VASOACTIVE INTESTINAL PEPTIDE
Vasoactive intestinal peptide (VIP) is a 28-amino-acid peptide that belongs to the glucagon-secretin family of peptides. VIP is widely distributed in the central and peripheral nervous systems, where it functions as one of the major peptide neurotransmitters. It is present in cholinergic presynaptic neurons in the central ner-vous system, and in peripheral peptidergic neurons innervating diverse tissues including the heart, lungs, gastrointestinal and urogenital tracts, skin, eyes, ovaries, and thyroid gland. Many blood vessels are innervated by VIP neurons. VIP is also present in key organs of the immune system including the thymus, spleen, and lymph nodes. Although VIP is present in blood, where it undergoes rapid degradation, it does not appear to function as a hormone. VIP participates in a wide variety of biologic functions including metabolic processes, secretion of endocrine and exocrine glands, cell differentiation, smooth muscle relaxation, and the immune response.
VIP exerts significant effects on the cardiovascular system. It produces marked vasodilation in most vascular beds and in this regard is more potent on a molar basis than acetylcholine. In the heart, VIP causes coronary vasodilation and exerts positive inotro-pic and chronotropic effects. It may thus participate in the regula-tion of coronary blood flow, cardiac contraction, and heart rate.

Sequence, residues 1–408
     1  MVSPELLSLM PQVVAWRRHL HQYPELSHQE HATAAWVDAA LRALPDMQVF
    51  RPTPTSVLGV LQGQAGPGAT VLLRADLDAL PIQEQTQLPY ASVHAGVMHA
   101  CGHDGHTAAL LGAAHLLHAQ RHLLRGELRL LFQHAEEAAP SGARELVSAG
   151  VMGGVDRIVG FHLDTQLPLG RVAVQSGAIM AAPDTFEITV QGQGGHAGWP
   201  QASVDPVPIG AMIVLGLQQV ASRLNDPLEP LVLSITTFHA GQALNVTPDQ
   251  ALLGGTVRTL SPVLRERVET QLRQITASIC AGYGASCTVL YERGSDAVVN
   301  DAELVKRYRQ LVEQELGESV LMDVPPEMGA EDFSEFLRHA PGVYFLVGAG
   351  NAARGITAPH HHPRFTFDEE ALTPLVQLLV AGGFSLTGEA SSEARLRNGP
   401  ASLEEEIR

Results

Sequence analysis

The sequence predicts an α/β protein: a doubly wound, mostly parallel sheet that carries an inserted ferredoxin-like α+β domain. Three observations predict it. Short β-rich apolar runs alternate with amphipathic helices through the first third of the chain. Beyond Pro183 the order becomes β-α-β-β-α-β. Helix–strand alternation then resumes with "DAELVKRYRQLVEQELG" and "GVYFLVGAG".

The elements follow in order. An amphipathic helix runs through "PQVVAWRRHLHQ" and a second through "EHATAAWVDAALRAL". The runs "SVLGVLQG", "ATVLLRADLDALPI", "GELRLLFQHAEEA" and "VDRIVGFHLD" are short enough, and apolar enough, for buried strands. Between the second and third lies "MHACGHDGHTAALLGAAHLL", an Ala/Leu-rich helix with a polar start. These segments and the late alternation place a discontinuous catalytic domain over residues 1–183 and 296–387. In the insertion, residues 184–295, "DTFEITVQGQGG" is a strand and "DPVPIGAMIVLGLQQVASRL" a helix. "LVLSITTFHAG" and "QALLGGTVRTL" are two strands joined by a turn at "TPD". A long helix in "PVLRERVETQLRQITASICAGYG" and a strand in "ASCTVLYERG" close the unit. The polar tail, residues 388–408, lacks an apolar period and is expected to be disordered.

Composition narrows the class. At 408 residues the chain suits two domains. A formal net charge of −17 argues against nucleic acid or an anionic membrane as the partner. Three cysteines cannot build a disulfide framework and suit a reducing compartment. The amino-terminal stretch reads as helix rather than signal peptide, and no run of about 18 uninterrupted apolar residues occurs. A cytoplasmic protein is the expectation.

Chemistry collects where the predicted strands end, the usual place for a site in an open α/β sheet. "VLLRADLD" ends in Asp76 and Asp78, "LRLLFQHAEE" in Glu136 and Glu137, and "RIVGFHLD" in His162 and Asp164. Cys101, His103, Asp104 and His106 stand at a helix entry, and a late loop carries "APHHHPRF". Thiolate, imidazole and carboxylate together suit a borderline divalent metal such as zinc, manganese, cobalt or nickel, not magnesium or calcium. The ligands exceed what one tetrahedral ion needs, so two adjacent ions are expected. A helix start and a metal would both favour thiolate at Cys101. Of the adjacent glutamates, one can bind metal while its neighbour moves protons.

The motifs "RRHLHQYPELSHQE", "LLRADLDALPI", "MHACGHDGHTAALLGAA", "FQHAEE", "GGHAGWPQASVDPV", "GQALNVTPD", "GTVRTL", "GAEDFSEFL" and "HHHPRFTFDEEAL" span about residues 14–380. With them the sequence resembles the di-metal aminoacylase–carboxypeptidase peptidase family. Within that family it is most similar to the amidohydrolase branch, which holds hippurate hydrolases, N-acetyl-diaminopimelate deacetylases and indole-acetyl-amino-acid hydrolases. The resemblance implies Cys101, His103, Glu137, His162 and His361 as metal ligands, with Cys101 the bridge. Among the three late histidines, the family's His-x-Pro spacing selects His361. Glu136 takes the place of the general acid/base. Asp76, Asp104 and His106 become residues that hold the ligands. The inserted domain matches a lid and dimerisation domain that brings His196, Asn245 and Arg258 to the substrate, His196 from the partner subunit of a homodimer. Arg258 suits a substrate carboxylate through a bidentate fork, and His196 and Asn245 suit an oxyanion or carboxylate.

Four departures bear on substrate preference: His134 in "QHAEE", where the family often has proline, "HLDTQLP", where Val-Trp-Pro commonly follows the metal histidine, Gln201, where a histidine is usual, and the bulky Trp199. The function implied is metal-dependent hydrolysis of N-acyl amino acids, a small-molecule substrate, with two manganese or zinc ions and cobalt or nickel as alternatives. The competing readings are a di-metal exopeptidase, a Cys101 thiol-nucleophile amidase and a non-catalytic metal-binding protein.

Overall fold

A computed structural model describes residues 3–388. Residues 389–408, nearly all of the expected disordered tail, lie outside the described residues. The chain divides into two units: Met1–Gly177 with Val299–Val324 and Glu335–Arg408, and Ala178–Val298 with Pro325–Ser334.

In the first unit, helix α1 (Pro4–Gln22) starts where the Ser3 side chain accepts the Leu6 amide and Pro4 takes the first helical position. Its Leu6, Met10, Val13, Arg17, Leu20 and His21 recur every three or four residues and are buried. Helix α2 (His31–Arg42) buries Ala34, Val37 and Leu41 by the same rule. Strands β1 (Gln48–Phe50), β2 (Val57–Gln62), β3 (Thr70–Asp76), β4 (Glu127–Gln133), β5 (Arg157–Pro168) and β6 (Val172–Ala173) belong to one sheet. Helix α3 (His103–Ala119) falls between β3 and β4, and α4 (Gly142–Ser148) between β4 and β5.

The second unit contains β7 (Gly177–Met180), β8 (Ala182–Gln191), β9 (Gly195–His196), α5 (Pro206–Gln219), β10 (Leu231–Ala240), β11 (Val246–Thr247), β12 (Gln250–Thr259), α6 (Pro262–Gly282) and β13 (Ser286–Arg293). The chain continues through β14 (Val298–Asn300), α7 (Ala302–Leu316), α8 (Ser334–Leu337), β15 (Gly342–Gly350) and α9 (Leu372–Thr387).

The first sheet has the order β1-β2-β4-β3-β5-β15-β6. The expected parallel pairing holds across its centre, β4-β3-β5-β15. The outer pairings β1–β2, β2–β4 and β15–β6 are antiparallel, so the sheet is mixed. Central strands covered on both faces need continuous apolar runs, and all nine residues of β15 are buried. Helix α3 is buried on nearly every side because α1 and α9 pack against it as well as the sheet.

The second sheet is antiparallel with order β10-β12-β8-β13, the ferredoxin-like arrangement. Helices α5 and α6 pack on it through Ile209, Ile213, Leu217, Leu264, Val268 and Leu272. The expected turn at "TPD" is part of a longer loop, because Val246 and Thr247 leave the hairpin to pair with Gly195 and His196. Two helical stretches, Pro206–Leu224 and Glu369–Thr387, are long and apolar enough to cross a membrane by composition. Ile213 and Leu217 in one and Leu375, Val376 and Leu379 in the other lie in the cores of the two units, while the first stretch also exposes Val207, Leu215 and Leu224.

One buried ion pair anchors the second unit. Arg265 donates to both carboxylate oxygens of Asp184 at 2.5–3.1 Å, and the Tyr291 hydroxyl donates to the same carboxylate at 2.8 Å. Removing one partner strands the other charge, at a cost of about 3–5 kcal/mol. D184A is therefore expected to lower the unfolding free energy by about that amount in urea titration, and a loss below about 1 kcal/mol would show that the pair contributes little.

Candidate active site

The effects of VIP are mediated by G protein-coupled recep-tors; two subtypes, VPAC1 and VPAC2, have been cloned from human tissues. Both subtypes are widely distributed in the central nervous system and in the heart, blood vessels, and other tissues. VIP has a high affinity for both receptor subtypes. Binding of VIP to its receptors results in activation of adenylyl cyclase and formation of cAMP, which is responsible for the vasodilation and many other effects of the peptide. Other actions may be mediated by inositol trisphosphate synthesis and calcium mobilization. VIP can also bind with low affinity to the VIP-like peptide pituitary adenylyl cyclase-activating peptide receptor, PAC1.
VIP analogs with longer half-lives than the native peptide are now available for research use. An example is stearyl-Nle17-VIP. These drugs have potential as therapeutic agents for cardiovascu-lar, pulmonary, gastrointestinal, and nervous system diseases. They may also be effective in treating various inflammatory diseases and diabetes. Indeed, some VIP derivatives are currently undergoing preclinical and clinical testing for the treatment of type 2 diabetes and chronic obstructive pulmonary disease. Unfortunately, their use is currently limited by several issues including poor oral avail-ability, rapid metabolism in the blood, and hypotension. VIP receptor antagonists are also being developed.